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Saturday, April 14, 2018

Reconciling the problem of ‘Sorry, Not Sorry’

Photo by Esther Wiegardt on Unsplash
Apology is tested not so much in the act of saying sorry, but later, when contrition makes way for contrariness.
But true apology remains. Sorry remains sorry. And it never takes its opportunity to explain why it was justified in wrongdoing.
Sorry remains sorry, and it doesn’t change its mind. It doesn’t, at some point when its probed, say, ‘Now you’re being unfair…’ (But the receiver of the apology better also be merciful).
As soon as someone who is apologising says, ‘if’ or ‘but’ or ‘maybe if you’ their sorry becomes null and void. They make excuses when the person receiving the apology has their senses piqued for a sorrowful heart. And such a heart cannot be faked.
As time goes on, as the apology is believed, as the person apologising is forgiven, their sorry needs to stay sorry. They cannot, having been through the full process to forgiveness, rescind that apology. The transaction is done, and they best keep moving forward. If they change the script, and that apology is retracted they’re a liar in this regard.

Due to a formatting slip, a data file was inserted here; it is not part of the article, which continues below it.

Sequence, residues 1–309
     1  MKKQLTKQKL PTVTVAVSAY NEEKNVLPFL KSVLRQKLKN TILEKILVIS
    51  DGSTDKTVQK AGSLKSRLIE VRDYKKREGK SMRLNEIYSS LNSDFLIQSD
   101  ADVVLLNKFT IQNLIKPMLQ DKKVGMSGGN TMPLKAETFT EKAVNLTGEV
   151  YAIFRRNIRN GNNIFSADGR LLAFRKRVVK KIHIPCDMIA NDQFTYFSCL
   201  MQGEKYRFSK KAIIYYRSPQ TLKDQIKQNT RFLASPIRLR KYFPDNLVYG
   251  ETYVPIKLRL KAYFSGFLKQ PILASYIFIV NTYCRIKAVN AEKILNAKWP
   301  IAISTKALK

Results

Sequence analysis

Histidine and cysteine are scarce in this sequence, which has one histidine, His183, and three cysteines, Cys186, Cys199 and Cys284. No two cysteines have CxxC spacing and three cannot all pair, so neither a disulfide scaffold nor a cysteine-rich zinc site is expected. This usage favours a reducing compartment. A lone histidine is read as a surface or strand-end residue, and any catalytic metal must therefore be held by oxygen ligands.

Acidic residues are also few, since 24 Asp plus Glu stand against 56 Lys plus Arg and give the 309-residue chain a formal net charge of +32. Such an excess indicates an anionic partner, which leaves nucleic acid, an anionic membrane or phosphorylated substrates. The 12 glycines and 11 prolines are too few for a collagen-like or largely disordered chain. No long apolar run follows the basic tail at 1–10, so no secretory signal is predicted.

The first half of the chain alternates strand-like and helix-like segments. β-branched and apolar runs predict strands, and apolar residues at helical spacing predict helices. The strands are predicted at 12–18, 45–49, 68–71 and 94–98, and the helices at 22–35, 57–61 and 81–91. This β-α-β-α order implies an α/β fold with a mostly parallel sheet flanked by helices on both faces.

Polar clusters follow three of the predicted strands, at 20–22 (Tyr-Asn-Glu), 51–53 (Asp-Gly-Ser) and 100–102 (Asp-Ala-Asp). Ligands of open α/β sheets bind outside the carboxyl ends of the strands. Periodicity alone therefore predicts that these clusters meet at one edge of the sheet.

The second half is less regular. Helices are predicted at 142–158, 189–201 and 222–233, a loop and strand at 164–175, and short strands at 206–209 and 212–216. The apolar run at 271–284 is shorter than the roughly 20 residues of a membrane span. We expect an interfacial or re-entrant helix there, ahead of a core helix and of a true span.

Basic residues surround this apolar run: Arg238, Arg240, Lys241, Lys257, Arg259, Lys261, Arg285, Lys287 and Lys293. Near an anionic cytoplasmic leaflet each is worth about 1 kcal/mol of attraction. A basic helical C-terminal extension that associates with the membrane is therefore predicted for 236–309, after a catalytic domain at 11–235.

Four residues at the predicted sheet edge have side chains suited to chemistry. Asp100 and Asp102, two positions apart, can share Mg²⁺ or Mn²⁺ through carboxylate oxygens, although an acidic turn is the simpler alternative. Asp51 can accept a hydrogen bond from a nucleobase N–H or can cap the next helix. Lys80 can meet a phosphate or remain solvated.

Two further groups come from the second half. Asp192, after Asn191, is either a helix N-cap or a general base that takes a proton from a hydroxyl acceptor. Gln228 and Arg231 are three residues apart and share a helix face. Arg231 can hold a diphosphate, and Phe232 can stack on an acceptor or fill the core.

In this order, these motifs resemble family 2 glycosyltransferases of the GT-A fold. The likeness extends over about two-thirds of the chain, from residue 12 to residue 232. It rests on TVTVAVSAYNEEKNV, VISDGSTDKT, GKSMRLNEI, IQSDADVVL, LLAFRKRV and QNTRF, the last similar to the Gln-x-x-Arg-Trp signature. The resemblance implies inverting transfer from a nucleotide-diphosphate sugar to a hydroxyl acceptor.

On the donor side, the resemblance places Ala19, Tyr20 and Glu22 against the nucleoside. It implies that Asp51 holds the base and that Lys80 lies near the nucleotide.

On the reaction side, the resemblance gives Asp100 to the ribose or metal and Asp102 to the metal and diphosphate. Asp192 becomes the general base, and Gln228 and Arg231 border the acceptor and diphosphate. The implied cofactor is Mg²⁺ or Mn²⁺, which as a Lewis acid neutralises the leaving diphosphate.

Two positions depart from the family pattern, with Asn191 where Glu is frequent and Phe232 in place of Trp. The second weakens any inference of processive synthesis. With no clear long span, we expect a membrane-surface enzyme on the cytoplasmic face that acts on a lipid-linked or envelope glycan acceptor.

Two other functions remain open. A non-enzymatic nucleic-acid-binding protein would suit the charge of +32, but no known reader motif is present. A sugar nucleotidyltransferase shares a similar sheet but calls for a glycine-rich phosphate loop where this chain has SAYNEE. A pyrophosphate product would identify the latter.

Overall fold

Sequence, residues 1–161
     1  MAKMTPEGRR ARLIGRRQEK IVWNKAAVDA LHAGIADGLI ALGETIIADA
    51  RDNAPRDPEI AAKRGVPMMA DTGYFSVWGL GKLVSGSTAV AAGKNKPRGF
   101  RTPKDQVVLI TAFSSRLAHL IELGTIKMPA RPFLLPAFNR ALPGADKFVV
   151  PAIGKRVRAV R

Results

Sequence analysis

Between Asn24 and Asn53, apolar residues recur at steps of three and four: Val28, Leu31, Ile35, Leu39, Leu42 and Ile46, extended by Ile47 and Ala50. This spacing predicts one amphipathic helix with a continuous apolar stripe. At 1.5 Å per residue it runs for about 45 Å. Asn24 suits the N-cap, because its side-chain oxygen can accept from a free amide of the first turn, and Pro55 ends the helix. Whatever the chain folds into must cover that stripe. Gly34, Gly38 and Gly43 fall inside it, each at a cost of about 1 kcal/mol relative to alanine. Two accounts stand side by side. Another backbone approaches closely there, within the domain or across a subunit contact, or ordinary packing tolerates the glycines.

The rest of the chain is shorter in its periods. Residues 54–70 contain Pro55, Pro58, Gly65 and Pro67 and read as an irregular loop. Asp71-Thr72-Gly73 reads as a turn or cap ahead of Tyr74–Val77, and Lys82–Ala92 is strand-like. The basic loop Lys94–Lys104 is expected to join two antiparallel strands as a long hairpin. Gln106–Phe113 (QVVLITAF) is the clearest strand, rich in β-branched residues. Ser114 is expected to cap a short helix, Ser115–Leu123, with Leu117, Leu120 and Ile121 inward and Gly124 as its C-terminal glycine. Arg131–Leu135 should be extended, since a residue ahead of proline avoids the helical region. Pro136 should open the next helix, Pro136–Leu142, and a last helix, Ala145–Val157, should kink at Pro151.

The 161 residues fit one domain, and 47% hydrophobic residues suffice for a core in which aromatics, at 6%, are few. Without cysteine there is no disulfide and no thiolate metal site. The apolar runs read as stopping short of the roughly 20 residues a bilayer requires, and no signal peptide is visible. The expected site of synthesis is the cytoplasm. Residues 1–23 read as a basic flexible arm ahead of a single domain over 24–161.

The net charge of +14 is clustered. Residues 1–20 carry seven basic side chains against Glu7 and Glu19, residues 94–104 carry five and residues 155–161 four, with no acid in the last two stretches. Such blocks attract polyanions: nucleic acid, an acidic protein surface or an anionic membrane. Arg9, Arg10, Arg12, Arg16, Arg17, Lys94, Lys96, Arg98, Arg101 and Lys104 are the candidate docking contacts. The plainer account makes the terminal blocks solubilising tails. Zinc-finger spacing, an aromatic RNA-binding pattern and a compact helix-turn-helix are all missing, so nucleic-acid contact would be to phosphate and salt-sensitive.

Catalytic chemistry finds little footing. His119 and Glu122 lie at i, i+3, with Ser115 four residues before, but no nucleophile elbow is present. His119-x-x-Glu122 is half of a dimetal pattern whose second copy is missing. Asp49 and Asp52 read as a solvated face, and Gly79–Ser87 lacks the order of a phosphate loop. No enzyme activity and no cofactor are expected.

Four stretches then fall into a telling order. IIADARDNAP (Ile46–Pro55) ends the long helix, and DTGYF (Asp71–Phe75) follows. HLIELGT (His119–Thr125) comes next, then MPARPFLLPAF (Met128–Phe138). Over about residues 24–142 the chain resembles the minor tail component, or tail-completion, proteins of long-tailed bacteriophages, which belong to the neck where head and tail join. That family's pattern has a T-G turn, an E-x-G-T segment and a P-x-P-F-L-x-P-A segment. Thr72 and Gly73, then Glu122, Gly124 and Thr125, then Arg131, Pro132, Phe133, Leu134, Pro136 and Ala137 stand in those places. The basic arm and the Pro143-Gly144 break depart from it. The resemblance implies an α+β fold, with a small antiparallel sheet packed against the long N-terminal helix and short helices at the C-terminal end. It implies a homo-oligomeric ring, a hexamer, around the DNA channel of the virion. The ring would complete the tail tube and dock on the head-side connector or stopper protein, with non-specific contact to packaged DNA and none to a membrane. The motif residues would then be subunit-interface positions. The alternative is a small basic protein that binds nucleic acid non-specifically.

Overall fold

But more often than not it is the situation where the person apologising realises, ‘Hey, they require more from me than I’m prepared to own…’ that causes the most problems. For the issues we’re apologising for we need to be unequivocal. We therefore studiously avoid being drawn into extraneous matters that dilute the force of the sorry we’re saying.
More important than the actual apology is the heart behind it. When we go to say sorry, we had better take with us the heart that is sorry. Not ‘sorry for my bit, now what about you?’ Own your bit and stay there. Allow the other person there own reflection in their own time with no coercion.
The heart of apology beats strongest when we affirm and advocate for the person we wronged.

This article was inspired by the PeaceWise Seven ‘A’ Apology (Confession)

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